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Hays jumps on profit forecast; FTSE edges down
Shares in Hays (HAYS.L) surge after a bullish update, while Britain’s FTSE 100 wavers amid ongoing angst over Europe’s debt woes.
Shares in Hays (HAYS.L) surged on Thursday after the recruitment group forecast its full-year operating profit to be at the top end of market estimates, while Britain’s FTSE 100 wavered amid ongoing angst over Europe’s debt crisis.
Hays jumped 6.3p, or 7.7%, to 87.7p after the bullish management statement from the FTSE 250 firm, in which it also reported a 10% rise in third-quarter gross profit, beating market expectations. Its international business was a key driver of the earnings, representing 70% of net fees in the quarter, Hays said.
‘Given that we are now in a more normal recruitment market recovery phase, with temporary placements leading the way, Hays is well-placed to benefit,’ said Kevin Lapwood, analyst at Seymour Pierce, as he upgraded the broker’s rating for the stock to ‘hold’ from ‘sell’.
He added: ‘The UK and Europe (excluding Germany) remain a worry, but this is reflected in the current rating.’
Italy debt auction
Meanwhile, the UK index of blue-chip shares weakened 0.15%, or eight points, to 5,627 and the All Share index gave up 0.06%, or two points, to 2,930. See the FTSE’s performance and the index’s top winners and losers.
The losses came as the borrowing costs of Italy and Spain – the eurozone’s third and fourth biggest economies – remained perilously high. They have fallen back somewhat, however, since Benoit Coeure, executive director of the European Central Bank (ECB), said on Wednesday that the ECB could restart its securities markets programme (SMP) to buy sovereign debt.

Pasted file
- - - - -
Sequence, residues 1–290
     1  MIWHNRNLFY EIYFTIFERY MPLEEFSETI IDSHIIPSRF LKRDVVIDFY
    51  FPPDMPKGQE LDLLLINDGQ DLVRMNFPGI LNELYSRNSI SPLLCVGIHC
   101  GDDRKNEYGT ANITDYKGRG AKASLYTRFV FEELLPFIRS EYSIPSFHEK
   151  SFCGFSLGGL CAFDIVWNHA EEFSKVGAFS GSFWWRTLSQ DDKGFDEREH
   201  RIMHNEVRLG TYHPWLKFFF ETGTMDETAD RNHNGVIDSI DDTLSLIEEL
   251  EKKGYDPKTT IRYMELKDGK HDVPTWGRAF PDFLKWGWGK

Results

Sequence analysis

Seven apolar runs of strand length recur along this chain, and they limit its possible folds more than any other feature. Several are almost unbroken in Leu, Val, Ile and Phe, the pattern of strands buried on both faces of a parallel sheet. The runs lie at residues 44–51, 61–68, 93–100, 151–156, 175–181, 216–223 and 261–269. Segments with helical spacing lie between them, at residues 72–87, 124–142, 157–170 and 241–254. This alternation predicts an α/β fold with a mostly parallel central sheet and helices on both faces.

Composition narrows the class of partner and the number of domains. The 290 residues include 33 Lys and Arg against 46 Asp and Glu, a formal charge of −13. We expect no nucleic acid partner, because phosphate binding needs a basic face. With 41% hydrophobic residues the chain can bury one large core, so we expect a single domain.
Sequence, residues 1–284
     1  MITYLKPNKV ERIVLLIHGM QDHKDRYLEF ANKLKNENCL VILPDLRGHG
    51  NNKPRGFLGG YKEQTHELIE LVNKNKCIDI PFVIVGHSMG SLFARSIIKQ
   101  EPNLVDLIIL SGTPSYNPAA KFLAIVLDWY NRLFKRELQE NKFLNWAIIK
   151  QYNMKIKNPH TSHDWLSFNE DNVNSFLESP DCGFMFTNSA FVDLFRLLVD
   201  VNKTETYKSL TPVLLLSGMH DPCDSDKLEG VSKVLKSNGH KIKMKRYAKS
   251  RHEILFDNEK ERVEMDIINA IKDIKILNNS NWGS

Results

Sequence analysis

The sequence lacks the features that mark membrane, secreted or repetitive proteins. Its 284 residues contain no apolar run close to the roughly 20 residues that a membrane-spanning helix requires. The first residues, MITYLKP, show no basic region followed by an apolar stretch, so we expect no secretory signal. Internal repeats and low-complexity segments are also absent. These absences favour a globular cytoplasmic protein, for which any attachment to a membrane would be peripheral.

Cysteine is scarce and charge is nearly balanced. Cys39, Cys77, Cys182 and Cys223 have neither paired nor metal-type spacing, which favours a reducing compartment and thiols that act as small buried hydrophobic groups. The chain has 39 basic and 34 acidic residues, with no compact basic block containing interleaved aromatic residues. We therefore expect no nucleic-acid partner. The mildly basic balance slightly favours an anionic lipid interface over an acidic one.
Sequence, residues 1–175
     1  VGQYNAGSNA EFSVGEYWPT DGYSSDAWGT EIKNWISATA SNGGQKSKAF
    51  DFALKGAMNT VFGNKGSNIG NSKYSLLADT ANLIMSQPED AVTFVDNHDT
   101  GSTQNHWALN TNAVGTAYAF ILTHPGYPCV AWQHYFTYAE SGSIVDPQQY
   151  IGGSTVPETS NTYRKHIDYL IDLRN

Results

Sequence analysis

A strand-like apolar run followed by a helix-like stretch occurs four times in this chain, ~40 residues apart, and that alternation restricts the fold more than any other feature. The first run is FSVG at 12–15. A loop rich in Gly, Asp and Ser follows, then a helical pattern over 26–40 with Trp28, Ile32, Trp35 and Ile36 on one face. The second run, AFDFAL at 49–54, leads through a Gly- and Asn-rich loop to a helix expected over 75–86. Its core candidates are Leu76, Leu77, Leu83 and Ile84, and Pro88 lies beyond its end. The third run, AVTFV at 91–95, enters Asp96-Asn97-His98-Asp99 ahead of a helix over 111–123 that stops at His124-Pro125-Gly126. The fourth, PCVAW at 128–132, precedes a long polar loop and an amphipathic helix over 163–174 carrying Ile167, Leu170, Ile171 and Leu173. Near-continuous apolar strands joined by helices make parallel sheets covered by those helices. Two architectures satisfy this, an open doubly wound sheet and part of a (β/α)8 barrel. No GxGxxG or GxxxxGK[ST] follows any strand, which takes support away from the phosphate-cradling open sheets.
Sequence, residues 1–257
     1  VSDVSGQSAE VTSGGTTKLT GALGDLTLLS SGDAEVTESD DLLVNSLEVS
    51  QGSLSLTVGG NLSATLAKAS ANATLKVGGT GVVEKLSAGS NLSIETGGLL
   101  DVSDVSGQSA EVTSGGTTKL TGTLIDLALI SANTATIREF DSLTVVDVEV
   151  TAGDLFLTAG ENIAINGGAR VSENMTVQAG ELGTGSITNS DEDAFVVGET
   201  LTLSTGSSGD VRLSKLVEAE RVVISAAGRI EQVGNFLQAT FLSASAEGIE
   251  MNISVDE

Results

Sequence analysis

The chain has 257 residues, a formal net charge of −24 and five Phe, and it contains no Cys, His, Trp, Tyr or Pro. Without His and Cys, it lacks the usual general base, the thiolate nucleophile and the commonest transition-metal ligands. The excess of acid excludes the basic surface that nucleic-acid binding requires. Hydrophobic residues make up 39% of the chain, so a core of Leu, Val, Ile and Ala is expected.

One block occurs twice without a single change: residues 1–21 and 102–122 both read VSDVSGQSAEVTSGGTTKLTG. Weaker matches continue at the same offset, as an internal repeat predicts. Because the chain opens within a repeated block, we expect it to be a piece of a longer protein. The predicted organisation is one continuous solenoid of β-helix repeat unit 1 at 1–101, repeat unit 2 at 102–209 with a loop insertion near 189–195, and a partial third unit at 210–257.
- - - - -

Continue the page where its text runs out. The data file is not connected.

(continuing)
‘Unfortunately, the SMP won’t be causing a U-turn,’ warned strategists at Société Générale.
‘The threat of... purchases of course can create occasional price corrections. But the SMP has been on and off, and no longer looks like a tool that can durably affect market conditions – unless the ECB radically changes its communication and commitment.’
Later in the day, Italy is due to hold a debt auction, which is expected to go smoothly despite the recent flare-up in concerns over its budget woes.
Other stock markets in Europe edged up: Germany’s DAX index hardened 0.31% to 6,685, France's CAC 40 index was 0.18% higher at 3,244, and the FTSEurofirst 300 index of top European shares inched up 0.02% to 1,034.
Royal Dutch Shell (RDSb.L) was the biggest faller on the FTSE 100, dropping 78.5p to £20.65 as it knocked 10 points off the index, after the oil giant reported a ‘light sheen’ in the Gulf of Mexico but said it has no ‘current indication’ that oil was coming from nearby wells.
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